Family squabbles on a royal scale are played for laughs in James Goldman’s “The Lion In Winter,” at OnStage Playhouse in Chula Vista through Sept. 15.
Director O.P. Hadlock treats this witty examination of power, love and meaning in the 12th-century court of England’s King Henry II as the comedy Goldman says it is, giving us an utterly engaging collection of characters gathered for the Christmas festivities of 1183 at Henry’s castle at Chinon. The characters are real but the situation – including a gay angle that goes nowhere – is straight out of Goldman’s imagination.
Henry (Steve Murdock), claiming that “power is the only fact,” maintains that he has managed to be “a king, alive and 50 all at once” by means of plotting and manipulating others (including his three sons).
His efforts to acquire real estate have certainly been successful. He got the Aquitaine – the richest province in France – by way of his marriage to Eleanor (Sandy Hotchkiss Gullans), the former French queen, and acquired another French province – the Vexin – by promising son Richard (Chris Fonseca) in marriage to the French king’s daughter Alais (Devon Hollingsworth).
There’s just one fly in that ointment: Alais, who has grown up in Henry’s household and become quite a tasty morsel herself, has been Henry’s mistress for several years.
Now, as death nears, Henry wants his succession settled in favor of youngest son John (Morgan Hollingsworth), a petulant, pimply-faced adolescent seemingly devoid of brains.
The Queen is equally determined that eldest son Richard inherit the crown. But Henry has kept his queen in the royal prison for the past decade for a previous insurrection against the king. Neither parent considers middle son Geoffrey (James Steinberg), probably the brightest bulb in this family constellation. (His father’s opinion: “He isn’t flesh; he’s a device; he’s wheels and gears.”)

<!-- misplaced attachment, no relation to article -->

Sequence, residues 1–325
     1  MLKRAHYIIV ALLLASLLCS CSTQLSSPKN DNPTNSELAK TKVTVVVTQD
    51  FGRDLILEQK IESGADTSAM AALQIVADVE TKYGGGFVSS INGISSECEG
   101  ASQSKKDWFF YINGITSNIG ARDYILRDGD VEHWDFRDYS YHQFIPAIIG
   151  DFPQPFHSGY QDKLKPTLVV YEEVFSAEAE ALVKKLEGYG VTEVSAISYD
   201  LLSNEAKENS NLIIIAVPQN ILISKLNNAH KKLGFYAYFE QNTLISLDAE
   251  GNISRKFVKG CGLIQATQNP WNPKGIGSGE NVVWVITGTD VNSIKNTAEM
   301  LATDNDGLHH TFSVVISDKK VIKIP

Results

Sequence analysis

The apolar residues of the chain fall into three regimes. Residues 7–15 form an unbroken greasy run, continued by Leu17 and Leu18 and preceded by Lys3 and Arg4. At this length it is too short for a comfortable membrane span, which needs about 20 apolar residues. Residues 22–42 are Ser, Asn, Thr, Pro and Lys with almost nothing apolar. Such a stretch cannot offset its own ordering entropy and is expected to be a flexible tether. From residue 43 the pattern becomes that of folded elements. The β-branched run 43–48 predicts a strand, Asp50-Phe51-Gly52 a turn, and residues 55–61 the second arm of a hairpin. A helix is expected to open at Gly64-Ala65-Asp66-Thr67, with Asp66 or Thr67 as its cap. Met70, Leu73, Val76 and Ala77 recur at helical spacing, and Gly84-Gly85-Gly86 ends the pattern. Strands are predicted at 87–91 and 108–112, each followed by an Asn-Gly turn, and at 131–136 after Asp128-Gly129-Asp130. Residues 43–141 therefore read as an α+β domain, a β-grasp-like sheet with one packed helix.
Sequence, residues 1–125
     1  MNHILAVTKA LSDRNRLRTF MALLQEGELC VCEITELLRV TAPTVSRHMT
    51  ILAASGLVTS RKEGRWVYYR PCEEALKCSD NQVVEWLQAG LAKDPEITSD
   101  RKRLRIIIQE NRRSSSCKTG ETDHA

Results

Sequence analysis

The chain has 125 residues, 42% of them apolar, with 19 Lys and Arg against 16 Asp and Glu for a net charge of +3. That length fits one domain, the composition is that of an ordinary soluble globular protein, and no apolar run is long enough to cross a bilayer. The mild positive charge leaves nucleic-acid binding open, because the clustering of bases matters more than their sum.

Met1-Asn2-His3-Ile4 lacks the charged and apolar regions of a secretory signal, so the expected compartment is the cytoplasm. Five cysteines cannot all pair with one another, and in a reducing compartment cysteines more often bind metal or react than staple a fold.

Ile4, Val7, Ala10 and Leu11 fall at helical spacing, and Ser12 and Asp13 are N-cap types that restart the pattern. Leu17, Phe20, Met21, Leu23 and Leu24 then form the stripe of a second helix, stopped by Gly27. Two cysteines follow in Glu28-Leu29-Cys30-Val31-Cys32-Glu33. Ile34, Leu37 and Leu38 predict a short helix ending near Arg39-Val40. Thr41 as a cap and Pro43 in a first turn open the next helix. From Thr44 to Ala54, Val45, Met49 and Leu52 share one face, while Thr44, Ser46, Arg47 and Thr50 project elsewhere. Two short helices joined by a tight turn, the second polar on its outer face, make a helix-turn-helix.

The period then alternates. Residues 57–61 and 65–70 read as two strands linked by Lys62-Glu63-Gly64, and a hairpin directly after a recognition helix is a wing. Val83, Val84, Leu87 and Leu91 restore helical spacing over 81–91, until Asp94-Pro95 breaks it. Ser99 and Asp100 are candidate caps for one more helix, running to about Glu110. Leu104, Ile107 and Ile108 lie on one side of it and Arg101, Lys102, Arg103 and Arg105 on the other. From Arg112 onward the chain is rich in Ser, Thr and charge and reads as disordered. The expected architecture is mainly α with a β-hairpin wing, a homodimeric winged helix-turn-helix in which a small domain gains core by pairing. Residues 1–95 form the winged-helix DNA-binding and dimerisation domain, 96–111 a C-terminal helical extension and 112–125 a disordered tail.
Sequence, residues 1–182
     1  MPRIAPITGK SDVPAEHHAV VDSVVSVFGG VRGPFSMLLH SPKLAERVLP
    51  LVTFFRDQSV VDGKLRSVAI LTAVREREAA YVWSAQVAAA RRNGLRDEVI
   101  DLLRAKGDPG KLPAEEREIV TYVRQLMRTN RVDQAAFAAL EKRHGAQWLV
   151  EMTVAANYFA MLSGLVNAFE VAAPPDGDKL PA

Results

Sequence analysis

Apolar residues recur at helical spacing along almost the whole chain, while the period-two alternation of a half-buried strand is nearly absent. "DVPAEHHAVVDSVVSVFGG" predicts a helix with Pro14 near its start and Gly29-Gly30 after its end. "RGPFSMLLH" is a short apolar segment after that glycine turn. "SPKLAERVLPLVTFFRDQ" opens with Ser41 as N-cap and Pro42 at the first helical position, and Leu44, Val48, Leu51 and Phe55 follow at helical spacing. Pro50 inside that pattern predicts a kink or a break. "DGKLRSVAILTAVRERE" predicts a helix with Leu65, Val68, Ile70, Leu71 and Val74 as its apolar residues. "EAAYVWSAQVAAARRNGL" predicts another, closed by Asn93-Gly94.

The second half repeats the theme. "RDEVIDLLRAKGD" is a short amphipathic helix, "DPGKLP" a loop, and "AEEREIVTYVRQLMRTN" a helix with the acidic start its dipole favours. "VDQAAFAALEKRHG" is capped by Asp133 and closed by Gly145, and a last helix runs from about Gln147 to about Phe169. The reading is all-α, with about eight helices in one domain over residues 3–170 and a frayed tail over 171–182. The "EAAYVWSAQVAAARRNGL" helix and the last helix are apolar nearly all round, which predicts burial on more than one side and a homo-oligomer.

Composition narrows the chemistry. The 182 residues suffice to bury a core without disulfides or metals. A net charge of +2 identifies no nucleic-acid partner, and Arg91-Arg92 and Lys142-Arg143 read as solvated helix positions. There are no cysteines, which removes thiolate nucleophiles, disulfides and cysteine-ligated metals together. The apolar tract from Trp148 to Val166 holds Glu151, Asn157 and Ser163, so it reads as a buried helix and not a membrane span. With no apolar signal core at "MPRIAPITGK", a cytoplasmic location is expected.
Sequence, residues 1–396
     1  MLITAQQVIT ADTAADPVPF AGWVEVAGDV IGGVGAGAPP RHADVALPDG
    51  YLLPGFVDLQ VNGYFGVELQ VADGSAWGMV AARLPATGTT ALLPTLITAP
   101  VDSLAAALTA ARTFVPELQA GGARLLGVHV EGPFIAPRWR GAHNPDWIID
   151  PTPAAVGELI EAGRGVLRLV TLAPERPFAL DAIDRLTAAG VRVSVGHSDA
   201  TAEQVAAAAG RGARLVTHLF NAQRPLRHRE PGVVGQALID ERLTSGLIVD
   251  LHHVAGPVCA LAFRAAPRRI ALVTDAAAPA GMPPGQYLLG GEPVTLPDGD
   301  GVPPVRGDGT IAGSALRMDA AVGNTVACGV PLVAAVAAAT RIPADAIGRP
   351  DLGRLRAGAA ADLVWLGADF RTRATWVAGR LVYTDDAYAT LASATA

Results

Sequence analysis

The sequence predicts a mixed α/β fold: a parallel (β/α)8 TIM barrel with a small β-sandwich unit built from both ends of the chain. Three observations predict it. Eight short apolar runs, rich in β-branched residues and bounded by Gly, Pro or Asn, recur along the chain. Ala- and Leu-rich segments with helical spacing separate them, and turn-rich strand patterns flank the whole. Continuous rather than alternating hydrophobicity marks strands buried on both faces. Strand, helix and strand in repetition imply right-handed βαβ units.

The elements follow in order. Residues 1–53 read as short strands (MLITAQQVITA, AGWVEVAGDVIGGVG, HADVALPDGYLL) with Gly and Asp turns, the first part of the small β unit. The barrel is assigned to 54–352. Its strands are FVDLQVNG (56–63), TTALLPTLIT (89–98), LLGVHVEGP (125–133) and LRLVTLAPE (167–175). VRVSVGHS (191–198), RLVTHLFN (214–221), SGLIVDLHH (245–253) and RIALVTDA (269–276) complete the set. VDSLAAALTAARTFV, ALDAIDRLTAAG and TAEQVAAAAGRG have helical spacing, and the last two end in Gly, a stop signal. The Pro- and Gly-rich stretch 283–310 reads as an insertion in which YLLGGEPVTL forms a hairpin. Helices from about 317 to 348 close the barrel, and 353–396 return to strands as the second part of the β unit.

As if this weren’t enough, Philip (Osmond Arnesto), the 17-year-old king of France, has arrived, demanding either his sister’s marriage or the Vexin back.
Richard wants the power, John wants the status. Geoffrey – suffering from the middle-child curse – just wants to be recognized. Realizing the crown will never be his, Geoffrey spends his time plotting to become the power behind the throne.
The use of standard English rather than a French accent makes these characters more accessible; they could almost be a cleverer, richer version of the people next door.
Gullan’s Eleanor is the find here – solid as a rock, she shows the inner strength to endure not only Henry’s annoying dalliance with Alais, but her own 10-year imprisonment with grace and humor. But it’s apparent that she’s capable of turning that knife, given a chance.
Despite Murdock’s rather puzzling growly delivery, his Henry is excellent and he’s a great foil for the Queen. Their scenes sparkle with wit and humor.
Fonseca’s Richard is properly bellicose, even with little brother John, the only obstacle between him and the crown. Hollingworth is perfect as the blank-slate adolescent John, giving viewers food for thought about how and to whom power is (and should be) passed.
Steinberg’s Geoffrey has a little trouble overcoming the great mop of a wig that makes him look more like a medieval rock star than a hungry plotter. Arnesto is fine as Philip II, but could be a bit more foppish – he is, after all, part of the gay subplot.
Only Devon Hollingsworth isn’t quite up to the collective acting level, but she is pretty and moves nicely.
There’s little chance the Angevin royalty was anywhere near as clever as depicted here, but Goldman gives us one of the more fascinating evenings with this royal dysfunctional family.
“The Lion In Winter” plays through Sept. 15 at OnStage Playhouse, 291 Third Ave. (near F Street), Chula Vista.
Thursday through Saturday at 8 pm; Sunday at 2 pm.
For tickets, call 619-422-7787 or visit HERE.
To read more reviews by SDGLN Theater Critic Jean Lowerison, click HERE.